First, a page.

Book pokes fun at Singaporeans and Malaysians

 
  The Star, Malaysia
October 6, 2002

           
I
N WHAT is seen as a bold venture, a Singaporean journalist and a Malaysian artist have teamed up to produce a book which takes a dig not only at politicians but also the quirks and foibles in both countries.

The book, The Difference Between Malaysians and Singaporeans, is written by Singaporean Ravi Veloo and spiced up with Malaysian Cheng Puay Koon’s cartoons.

As the title suggests, there are almost 100 cartoons which poke fun at the political, social and cultural differences between the two neighbours.

Ravi, 43, is a journalist, playwright and author who trains journalists as well as newsmakers in media skills. Cheng, 29, who is an artist, designed the Singapore national daily newspaper Today, for which she now works as the senior art director.

“It’s all in good fun, because the one thing we share undeniably is the ability to laugh at ourselves.

“Laughter is the best ubat, koyok, medicine, whatever you call it, for what ails our two countries now in these troubled times when the headlines in our newspapers tell us daily that we cannot get along,” said the authors in their foreword.

Cheng’s artwork includes caricatures of an ancient Senior Minister Lee Kuan Yew and an emotional Malaysian Prime Minister Datuk Seri Dr Mahathir Mohamad.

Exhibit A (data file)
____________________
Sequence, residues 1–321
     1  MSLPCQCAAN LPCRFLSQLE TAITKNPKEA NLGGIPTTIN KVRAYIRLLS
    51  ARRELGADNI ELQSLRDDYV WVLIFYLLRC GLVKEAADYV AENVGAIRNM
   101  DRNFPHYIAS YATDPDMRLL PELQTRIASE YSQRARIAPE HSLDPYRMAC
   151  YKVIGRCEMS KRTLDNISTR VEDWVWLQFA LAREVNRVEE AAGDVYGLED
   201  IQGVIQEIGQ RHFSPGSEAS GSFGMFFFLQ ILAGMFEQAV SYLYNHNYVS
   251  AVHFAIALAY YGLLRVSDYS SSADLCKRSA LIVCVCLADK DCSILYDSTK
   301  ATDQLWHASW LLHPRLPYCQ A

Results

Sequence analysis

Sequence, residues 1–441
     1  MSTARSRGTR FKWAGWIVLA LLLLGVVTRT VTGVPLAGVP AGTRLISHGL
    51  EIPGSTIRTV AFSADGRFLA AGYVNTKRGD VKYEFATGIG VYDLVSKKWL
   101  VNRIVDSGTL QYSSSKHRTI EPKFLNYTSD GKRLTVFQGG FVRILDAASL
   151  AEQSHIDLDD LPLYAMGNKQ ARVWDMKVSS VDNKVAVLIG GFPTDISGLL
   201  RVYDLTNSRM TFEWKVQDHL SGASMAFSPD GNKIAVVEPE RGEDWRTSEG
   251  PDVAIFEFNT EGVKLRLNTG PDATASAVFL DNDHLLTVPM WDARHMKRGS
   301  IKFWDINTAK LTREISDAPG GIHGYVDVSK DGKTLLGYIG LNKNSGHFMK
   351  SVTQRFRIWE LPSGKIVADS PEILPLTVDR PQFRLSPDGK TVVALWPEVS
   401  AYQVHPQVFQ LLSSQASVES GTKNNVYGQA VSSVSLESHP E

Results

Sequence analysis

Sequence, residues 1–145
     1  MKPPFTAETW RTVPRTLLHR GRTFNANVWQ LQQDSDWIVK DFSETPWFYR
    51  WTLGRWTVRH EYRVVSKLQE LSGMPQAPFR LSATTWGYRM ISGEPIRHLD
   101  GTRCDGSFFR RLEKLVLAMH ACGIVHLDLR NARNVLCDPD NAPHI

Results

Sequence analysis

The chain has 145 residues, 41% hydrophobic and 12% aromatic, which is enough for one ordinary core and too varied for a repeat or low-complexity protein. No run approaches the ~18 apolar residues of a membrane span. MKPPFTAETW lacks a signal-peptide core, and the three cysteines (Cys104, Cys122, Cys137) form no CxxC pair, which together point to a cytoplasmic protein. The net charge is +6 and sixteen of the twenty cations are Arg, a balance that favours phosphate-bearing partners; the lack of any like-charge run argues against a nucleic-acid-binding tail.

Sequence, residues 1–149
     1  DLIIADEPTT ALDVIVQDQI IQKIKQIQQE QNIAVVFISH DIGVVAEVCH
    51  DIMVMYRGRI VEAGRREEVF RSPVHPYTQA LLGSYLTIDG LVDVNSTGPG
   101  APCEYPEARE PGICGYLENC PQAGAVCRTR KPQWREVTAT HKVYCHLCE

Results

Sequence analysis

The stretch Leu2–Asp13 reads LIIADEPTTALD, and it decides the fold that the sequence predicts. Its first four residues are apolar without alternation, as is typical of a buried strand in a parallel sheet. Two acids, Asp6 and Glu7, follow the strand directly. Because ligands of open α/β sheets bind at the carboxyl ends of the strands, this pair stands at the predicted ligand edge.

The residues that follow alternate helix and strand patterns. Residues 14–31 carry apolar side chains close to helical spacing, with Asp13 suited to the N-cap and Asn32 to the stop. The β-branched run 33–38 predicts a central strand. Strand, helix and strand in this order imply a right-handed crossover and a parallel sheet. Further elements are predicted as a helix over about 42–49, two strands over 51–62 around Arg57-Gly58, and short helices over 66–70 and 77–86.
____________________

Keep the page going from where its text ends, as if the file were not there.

One of the funniest cartoons in the book is titled: How Singapore politicians express their sense of humour. It is a blank page. On where Singaporeans will get their water, the authors wrote:

“Piss talks are now on to renegotiate the price of fresh water sold by Malaysia to Singapore. Meanwhile, Singapore is bravely recycling its used water and calling it NeWater, which the local media politely fails to mention as often as it can, comes directly from the toilet bowl. This is what happens when neighbours cannot get along.”

Retailed at S$12.90 (M$27.09), the book, which went on sale today, is published by Ravi’s Newsbooks, the publishing arm of The Media Campus, a company that trains journalists. — Bernama

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